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January 05, 2008

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David Lachapelle

A tribute to the passing of a Bard

A voice slipped silently into the night that I did not recognize as so near to my heart until the word of its passing greeted my morning.
I never met John, and barely touched his writing.
Several mutual friends knew him well and through them I felt his life from afar.
In the way the waters of our lives cannot be kept bound in the ocean of our existence
his voice helped keep my ancestral home land anchored in my heart.

My ancestor was taken from the docks of Ireland by the British Navy, and pressed into service upon one of their vessels. He jumped ship somewhere off the Carolinas and made his way into the heart of the Cherokee traditional lands.
The restless journey of his spirit has lived in the marrow of my own life
and the eloquent fire of John’s articulation and life expression
was a harbor of rest
of which I did not fully realize till now.

May the voice of true insight, the current of renewal which sustains all of us amidst the waves of culture that break upon the homeland
of our soul, be remembered and honored in the wake of John’s passing.

The quiet dignity of a language which helps us remember
is a gift that we can bow deeply too,
as the great silence known as death carries John into unspeakable words of being,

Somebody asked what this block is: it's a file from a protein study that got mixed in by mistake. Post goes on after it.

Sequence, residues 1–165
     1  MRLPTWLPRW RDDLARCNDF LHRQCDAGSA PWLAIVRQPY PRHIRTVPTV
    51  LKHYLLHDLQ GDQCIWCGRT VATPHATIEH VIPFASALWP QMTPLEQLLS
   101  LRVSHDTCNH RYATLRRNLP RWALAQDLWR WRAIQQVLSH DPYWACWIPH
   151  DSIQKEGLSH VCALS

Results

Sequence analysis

ringed in light and so brilliant
no human frame seems to be able to contain them.

John died in France
and not in his homeland.
This I find most intriguing.
A few years ago I was driving in the Yukon through an crystalline fall day, etched in a way that only the northern latitudes can cut. I notic ed a flock of geese flying low, in front my view. To my great surprise they came closer and closer to my car, until the lead goose nearly tries to land on my moving windshield.
He//She swerves at the last minute and the flock lands, in tumbled chaos, unhurt, on the side of the road.
I marveled at this gift from the heavens and discovered that wild geese are the name given to Irish expatriates who have left their homeland in order to fight in foreign armies against the British.
That John should leave his body in a foreign land, means much to me. A tribute, perhaps, to all the Irish who have left home throughout the ages
to speak their truth in whatever manner they might best find.

The other day, here in the rockies, with the temperature around zero I looked up and there was flight of geese flying south high above the mountains of this valley. They must have been flying at around 15,000 feet. With little oxygen and sub zero air, I was amazed to see the regularity and strength of their flight. So clearly it was shown that the flock was their warmth and their strength.

John has taken flight. If you catch the eddie of his departure your soul may fly into realms you did not think possible to navigate.

Thank you, John, for your journey.

David LaChapelle

Blake Steele

Thanks for eloquent writers who pour insight out, who cast word-shadows on human hearts. Thanks for John gone like a great swan into freedom, crying its confusion at being suddenly awake as it flies into the sun.

Thanks for John's earth visit. (How strange to die just when you find your Anim Cara.) Thanks for Love no matter what amidst all I don't understand. Thanks for human sorrow, the great empty hole, the ache only Love can fill.

Thanks for Ireland and the hope of a deeper spiritual beauty born out of ruins, old stones, wild seas, the cry of gulls, dead poets, a wilder Christ and the lonely look in a white seal's eyes.

Thanks for a whiskey drinking poet-saint. Thanks for those with the fire to take up where he left off.

air jordans

The Antarctic penguins are dying, we will go to save it

wireless cameras

Im so sad hearing about this. RIP mister donahue.

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